In this week's blog, NERI economist Paul Goldrick-Kelly highlights the possible implications of Covid-19 in the short and longer term. He cautions against a replay of dynamics seen following the last crisis.
Like nearly every other aspect of life, the covid-19 emergency has upended expectations where housing is concerned. Where the housing market had been expected to continue its (dysfunctional) climb in asset prices and rents, we now face significant falls.
While it is still too early to get an accurate sense of the pandemic’s fallout, we are getting some signs. According to Davy Stockbrokers, financial markets have priced in a 15-20% decline in the value of new homes, alongside a fall in residential land values of 50%. Short-term rental properties are finding their way onto the longer-term lease market in Dublin following collapses in international travel – there has been an 83% increase in one and two bed properties available in central Dublin in the first three weeks of March compared to the same period last year.
As others have noted – this represents a major shock to the labour market and economy generally. While there is a great deal that the state has and could do to limit damage, a recession is likely. Loss of income for many and a physical inability to move will have a substantial effect on the number of sales. This will depress prices the longer the current situation lasts.
It is quite likely that construction will come to a standstill. A bottleneck in new housing supply is probable. In the context of a wider economic downturn, with a limited number of potential buyers on the market, it is unlikely that this will push prices up in the short term.
However, we have experienced a drop off in sales and falling prices relatively recently in Ireland. We learned following the last crisis that supply following a shock in our current housing system can remain insufficient for quite a long time. Before this pandemic broke out, we had not yet attained new supply at the level needed to meet housing demand driven by population changes. A recent estimate of housing need based on others who had been locked out of the market put annual demand in the region of 47,000. In 2019, only 21,241 new homes were built.
The last crisis exacerbated financialisation in the housing market. Institutional investors rushed to buy up supply at bargain prices with international support in the form of low interest rates. Current policy supports could lead to similar dynamics.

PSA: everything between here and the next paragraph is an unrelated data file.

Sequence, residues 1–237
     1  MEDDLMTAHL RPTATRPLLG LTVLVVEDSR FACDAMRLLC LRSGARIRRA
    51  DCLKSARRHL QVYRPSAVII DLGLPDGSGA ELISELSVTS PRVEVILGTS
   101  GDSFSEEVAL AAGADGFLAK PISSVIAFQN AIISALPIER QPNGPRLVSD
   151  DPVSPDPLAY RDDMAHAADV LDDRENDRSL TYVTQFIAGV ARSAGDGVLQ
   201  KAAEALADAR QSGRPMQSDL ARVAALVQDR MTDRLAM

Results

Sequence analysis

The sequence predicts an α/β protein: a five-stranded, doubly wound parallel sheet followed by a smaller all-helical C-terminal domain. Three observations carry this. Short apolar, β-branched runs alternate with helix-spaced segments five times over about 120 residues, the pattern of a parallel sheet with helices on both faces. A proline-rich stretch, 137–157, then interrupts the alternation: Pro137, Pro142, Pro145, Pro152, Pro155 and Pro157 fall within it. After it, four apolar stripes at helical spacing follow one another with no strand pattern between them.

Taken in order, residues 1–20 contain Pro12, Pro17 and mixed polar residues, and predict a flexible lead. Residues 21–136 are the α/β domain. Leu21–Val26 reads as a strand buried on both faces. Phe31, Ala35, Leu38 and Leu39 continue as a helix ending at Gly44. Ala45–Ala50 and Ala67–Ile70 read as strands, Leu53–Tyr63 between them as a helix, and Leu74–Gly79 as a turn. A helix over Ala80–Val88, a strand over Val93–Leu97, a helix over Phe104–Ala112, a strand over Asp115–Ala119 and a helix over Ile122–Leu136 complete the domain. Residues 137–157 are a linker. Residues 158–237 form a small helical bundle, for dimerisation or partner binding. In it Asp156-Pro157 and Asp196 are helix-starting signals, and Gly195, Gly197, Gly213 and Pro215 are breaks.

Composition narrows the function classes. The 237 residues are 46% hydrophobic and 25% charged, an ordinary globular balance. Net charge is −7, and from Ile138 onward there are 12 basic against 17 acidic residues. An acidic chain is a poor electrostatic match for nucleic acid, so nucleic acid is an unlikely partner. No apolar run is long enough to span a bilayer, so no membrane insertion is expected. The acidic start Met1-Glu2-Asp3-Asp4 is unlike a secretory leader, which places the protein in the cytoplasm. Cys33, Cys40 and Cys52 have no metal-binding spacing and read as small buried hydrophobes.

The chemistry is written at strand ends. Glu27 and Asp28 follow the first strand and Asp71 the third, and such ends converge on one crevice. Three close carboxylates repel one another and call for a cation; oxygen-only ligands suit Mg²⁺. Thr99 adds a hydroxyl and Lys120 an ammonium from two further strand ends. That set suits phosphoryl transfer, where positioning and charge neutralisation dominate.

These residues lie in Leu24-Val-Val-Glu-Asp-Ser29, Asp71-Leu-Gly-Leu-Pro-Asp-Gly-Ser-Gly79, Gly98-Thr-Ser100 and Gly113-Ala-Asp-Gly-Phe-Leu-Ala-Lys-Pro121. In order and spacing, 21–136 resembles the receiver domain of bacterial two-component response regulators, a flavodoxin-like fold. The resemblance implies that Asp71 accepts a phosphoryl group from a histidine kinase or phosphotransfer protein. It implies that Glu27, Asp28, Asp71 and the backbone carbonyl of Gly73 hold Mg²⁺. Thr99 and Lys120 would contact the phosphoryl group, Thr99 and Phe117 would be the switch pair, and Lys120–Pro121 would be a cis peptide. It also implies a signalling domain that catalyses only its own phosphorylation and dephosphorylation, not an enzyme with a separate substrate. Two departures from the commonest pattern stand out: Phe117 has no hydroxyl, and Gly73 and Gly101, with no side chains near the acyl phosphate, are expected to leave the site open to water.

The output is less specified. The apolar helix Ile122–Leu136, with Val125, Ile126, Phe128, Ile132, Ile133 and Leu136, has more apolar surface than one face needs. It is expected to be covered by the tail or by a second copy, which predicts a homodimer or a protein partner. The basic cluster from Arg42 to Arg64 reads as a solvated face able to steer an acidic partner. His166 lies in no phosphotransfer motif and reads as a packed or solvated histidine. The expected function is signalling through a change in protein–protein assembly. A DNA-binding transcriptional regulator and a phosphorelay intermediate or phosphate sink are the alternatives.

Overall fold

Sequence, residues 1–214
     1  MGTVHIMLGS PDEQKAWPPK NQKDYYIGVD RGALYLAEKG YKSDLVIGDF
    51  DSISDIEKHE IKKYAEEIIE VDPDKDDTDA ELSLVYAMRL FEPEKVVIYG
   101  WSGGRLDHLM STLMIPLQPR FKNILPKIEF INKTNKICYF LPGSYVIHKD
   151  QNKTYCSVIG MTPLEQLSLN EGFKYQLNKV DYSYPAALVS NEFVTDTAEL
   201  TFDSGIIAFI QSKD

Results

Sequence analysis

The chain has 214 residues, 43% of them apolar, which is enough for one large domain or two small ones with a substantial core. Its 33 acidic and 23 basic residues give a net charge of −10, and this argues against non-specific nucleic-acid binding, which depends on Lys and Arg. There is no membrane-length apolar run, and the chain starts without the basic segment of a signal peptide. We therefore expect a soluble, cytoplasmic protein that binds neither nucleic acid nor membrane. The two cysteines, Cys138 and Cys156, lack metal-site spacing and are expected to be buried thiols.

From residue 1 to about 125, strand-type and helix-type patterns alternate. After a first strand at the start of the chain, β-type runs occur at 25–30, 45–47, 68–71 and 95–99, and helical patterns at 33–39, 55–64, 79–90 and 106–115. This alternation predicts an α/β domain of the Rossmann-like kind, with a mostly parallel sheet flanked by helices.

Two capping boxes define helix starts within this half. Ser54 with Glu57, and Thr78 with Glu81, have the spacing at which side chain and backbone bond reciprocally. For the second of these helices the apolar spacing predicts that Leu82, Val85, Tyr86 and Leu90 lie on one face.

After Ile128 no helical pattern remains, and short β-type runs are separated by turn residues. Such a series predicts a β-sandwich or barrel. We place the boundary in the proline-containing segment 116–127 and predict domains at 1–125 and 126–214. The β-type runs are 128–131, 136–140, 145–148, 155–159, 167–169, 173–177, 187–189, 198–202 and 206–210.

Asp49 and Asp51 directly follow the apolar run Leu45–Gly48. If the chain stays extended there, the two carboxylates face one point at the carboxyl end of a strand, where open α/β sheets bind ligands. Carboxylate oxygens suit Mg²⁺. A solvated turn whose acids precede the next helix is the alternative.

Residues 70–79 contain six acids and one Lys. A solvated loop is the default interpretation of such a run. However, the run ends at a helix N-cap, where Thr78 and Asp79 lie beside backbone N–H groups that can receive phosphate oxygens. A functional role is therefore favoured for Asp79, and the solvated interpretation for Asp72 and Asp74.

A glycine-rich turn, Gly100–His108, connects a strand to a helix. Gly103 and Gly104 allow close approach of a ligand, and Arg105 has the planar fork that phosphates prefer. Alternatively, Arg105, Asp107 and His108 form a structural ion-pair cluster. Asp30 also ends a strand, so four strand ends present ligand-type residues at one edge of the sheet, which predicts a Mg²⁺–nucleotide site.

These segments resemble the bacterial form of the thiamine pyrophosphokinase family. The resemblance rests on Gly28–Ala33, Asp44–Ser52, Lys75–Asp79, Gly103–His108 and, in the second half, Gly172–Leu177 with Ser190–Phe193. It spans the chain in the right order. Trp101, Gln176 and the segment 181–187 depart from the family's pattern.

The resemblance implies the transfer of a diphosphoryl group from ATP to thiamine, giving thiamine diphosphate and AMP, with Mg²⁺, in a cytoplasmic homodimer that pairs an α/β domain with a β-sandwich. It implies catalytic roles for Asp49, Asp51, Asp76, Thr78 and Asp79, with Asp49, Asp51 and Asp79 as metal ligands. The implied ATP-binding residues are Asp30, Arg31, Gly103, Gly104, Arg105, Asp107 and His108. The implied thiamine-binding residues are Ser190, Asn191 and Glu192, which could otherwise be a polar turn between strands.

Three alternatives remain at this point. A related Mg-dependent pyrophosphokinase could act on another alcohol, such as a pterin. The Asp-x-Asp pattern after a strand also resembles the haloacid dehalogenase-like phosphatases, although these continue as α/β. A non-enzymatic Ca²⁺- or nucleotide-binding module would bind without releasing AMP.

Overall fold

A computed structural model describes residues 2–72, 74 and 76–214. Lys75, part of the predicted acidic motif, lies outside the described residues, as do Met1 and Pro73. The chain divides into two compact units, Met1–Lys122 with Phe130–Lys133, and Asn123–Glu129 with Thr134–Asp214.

The high returns promised by the private rental sector will entice those with the money to do so back into the market. This could reheat the housing market and lead to the same bifurcation that locked many out of homeownership and pushed them into a steadily unaffordable private rental sector.
The “generation rent” borne out of the last boom and bust cycle could see only a temporary reprieve. As my colleague Ciarán Nugent has noted, precarity and deprivation rates for younger workers had not returned to pre-crisis levels before the pandemic, and these workers will likely bear the brunt of coming job losses. The portents from the recent past are concerning.
That is, unless we do something differently.
We must not accept a “return to normal” for the housing system. The boom bust cycle in the housing market must end.
Tenants in the private rental sector must see their rights strengthened so that they can avail of secure and stable housing options. The incoming government should implement NESC proposals to build a secure occupancy regime, including indefinite leases, the removal of property sale as a reason to end tenancies except in very specific circumstances, and improvements in dispute resolutions procedures. Tax changes could offset a new drive to financialise housing and capture windfall gains.
Government should use public resources – including land held by public bodies and the state – to provide public housing at scale to help meet the considerable housing need that still exists in Ireland. This should include widely available cost-rental housing and traditional local authority housing in a renewed project of economic recovery.
We still face climate breakdown and new green homes and retrofits for older houses will still be needed when this crisis ends. We will still need skilled workers to undertake these tasks and we will have to prove to workers that that construction can offer a secure and desirable career if we’re to meet housing needs.
It is right that public policy is focused on halting the spread of the virus alongside its immediate economic effects. We have marshalled considerable capacities many of us have been surprised by to meet the crisis. But we should not lose sight of issues that will remain with us when this situation ends. Housing will return as a prominent issue.
We should strike a new path on housing policy. Let’s not replay the tape.